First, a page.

Orillia Spotlight


Lakehead University’s commitment to sustainable building began with its Orillia campus. Designed to be built at the highest of environmental standards, it was the first university campus in Canada to achieve LEED Platinum status. Leadership in Energy and Environmental Design, or LEED, claims to be the highest green building rating system in the world, with platinum being their highest designation. According to the Canada Green Building Council, “Buildings generate up to 35 percent of all greenhouse gases, 35 percent of landfill waste comes from construction and demolition activities, and up to 70 percent of municipal water is consumed in and around buildings.” Given that the Orillia campus is home to sustainability-focused academic programming, including the Sustainability Science Department, the Certificate in Environmental Sustainability, and the Ontario Master Naturalist program, the commitment to LEED Platinum aligns operational and academic standards of sustainability.

The Phase One Academic Building was the first step in establishing the new LEED® Platinum Lakehead University campus in Orillia, Ontario. The design of the building is guided by three fundamental principles: 1) integrating architecture and landscape to create a welcoming, student-centred environment, 2) developing an elegant, contemporary design that sets a viable precedent and context for future campus buildings, and 3) achieving LEED® Platinum certification while respecting the project schedule and budget.

Exterior of Academic Building

The following information is from Moriyama & Teshima Architects. 


A vertical ground loop system extracts heating and cooling from the earth by way of central heat pumps. These pumps then boost the temperature of the ground to a useful temperature for heating and cooling. As the ground maintains a steady and mild temperature, the efficiency of the heat pumps improves. This system helps the academic building to be 50% more energy efficient than a typical building of this type and size.

117 boreholes were drilled 330 ft down to create the geothermal system Photo credit: Moriyama & Teshima Architects

117 boreholes were drilled 330 ft down to create the geothermal system Photo credit: Moriyama & Teshima Architects 

Materials and Resources

More than 56% of the construction materials in the building were extracted and manufactured regionally, thus strengthening the University’s link to the community and minimizing the project’s carbon footprint.

Feature Stone

The feature stone wall consists of Algonquin and Eramosa limestone, locally quarried and manufactured. The stone adds a layer of scale, rhythm, and texture to the overall building design, emphasizing unique elements of the Canadian landscape.

Feature stone wall on Orillia Academic Building

Photo credit: Moriyama & Teshima Architects 

Light & Air

Natural light, excellent air quality, and connection to the outdoors were prioritized to enhance user experience and sustainability. Tall windows allow natural light into the academic building’s rooms, while remaining within the 30% building envelope opening limit to help control energy demands. Motorized blinds, occupancy sensors, and dimming controls have been installed, as well as controls for air-flow, temperature, and lighting, which allow user control over the environment, thereby improving user satisfaction and productivity.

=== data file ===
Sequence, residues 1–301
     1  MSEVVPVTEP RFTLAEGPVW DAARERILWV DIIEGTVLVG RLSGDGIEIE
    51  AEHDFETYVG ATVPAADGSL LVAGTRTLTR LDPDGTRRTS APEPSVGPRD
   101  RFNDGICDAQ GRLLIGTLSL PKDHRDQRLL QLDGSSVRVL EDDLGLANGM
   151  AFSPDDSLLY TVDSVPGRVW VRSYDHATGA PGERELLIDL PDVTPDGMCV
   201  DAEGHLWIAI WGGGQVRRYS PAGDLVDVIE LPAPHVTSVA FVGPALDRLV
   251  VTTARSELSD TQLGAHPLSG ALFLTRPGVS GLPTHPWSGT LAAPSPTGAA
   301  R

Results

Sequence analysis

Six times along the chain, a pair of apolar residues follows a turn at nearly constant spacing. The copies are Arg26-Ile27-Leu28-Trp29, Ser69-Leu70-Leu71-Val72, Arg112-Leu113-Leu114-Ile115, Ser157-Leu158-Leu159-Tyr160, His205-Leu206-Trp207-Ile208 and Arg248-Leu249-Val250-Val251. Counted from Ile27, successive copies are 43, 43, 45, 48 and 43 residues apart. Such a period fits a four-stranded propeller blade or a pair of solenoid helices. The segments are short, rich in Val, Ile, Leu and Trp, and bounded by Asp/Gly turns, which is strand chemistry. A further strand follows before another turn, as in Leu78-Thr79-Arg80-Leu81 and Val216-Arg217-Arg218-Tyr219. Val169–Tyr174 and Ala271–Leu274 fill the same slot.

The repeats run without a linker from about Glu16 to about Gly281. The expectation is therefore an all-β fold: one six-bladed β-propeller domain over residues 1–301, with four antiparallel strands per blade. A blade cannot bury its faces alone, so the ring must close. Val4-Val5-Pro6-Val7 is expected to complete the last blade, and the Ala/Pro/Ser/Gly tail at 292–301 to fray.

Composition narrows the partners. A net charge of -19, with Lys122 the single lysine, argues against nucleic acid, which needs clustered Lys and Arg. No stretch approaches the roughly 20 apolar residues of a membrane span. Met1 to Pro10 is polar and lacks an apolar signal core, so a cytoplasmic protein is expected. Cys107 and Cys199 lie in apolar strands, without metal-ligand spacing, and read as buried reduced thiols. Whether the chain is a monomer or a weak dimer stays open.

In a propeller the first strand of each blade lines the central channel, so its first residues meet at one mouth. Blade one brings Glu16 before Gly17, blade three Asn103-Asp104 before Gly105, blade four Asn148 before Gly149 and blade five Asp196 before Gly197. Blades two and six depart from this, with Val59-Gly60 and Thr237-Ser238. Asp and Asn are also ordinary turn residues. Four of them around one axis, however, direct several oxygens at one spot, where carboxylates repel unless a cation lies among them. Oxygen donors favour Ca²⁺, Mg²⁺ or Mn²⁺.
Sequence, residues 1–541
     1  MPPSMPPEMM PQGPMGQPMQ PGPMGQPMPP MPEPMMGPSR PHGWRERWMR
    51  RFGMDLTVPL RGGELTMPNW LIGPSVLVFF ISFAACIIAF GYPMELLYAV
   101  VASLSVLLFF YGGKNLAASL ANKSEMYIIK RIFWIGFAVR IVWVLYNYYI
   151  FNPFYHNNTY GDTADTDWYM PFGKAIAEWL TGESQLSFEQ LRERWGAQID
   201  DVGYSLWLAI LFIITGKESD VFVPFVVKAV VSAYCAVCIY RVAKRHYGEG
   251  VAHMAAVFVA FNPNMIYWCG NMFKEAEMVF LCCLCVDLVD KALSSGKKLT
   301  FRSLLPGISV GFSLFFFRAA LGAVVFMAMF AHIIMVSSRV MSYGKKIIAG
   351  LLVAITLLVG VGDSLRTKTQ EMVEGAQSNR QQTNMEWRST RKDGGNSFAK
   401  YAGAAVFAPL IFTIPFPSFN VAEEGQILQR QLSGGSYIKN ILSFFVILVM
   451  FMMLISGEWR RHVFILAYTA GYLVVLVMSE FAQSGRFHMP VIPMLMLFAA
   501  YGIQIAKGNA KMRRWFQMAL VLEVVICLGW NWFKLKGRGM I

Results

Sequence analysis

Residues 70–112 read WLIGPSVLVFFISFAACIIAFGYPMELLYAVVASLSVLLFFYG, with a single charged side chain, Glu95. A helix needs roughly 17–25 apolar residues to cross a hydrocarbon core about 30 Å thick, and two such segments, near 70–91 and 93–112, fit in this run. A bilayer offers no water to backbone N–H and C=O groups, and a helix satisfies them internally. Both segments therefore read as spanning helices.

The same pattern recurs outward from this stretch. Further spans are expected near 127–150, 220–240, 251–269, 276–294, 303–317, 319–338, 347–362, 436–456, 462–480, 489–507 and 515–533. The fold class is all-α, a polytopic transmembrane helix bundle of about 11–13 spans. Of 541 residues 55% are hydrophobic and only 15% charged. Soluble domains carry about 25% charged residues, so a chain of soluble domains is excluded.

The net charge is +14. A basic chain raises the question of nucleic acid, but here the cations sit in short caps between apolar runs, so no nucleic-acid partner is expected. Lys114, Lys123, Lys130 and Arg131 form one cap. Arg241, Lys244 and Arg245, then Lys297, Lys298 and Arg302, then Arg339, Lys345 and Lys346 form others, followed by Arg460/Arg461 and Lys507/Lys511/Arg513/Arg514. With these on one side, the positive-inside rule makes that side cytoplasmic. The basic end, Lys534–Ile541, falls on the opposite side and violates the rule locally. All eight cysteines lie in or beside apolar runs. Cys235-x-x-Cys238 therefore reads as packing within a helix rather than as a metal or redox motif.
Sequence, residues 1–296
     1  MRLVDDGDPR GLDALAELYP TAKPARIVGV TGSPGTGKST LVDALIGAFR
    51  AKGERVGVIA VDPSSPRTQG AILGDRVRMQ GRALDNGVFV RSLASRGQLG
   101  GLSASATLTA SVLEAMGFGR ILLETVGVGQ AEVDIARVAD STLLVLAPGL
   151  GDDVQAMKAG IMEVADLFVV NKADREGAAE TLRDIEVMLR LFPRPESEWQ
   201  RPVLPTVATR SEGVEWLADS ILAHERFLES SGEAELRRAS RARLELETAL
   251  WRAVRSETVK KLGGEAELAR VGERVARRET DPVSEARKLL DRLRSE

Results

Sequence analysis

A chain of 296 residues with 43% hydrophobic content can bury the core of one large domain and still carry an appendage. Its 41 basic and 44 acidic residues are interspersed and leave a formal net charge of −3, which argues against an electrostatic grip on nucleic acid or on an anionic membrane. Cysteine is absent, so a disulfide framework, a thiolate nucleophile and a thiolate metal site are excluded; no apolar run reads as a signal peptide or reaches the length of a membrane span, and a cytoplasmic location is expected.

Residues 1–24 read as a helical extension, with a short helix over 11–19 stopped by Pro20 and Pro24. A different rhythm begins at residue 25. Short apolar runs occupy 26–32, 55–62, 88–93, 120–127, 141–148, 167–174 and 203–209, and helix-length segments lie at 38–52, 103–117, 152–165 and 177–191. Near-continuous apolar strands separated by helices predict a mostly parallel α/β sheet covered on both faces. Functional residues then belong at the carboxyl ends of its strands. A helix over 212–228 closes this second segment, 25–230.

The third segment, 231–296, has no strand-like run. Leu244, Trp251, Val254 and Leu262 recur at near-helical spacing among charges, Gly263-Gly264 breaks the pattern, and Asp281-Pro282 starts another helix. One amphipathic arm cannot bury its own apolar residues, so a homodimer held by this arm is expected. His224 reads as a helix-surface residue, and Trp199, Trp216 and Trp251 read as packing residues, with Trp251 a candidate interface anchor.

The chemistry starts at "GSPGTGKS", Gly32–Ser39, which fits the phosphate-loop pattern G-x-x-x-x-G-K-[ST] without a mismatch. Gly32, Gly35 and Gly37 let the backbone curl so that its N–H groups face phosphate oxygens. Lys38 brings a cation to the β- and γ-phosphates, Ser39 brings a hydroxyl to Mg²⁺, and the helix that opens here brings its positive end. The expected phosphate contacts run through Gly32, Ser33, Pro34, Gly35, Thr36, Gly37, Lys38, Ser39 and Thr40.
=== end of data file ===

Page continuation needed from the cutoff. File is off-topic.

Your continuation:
Interior of Academic Building with lots of light

Site Ecology

Native plantings have been used where possible. Adaptive and drought-tolerant species have been selected to minimize the need for supplemental watering.

Life Cycle Considerations

The academic building is designed for a ‘long life’ and is adaptable to current and future needs through a simple structural grid, ‘loose-fit’ ceiling spaces, clear organization of spaces and circulation, and interior partitions that are easy to change with no major services within walls. Materials and systems were chosen and detailed with a focus on low maintenance.

Dual Duct Dedicated Outdoor Air VAV System

This system utilizes two parallel air distribution systems: one for delivering ventilation air only, and one for cooling on an as-needed basis. This allows for greater effectiveness and lowers the required quantities of ventilation air while maintaining high air quality. The second system provides space cooling only when needed, allowing for the quality and energy saving benefits of a traditional dedicated outdoor air system with central equipment for easy maintenance.

Green Roof

50 percent of the roofing was incorporated to control stormwater runoff, reduce heat island effect, and reduce building cooling loads.

Green roof implementation on Academic BuildingPlant life on Academic Building green roof

Photo credit: Moriyama & Teshima Architects 


Bioswales are landscape elements designed to remove silt and pollution from surface runoff water. They consist of a swaled drainage course with gently sloped sides and filled with vegetation. The water's flow path, along with the wide and shallow ditch, is designed to maximize the time water spends in the swale, which aids the trapping of pollutants and silt. Biological factors also contribute to the breakdown of certain pollutants. A common application is in parking lots, where substantial automotive pollution is collected by the paving and then flushed by rain. The bioswale treats the runoff before releasing it to the watershed or storm sewer. 

Bioswale in parking lot

Photo credit: Moriyama & Teshima Architects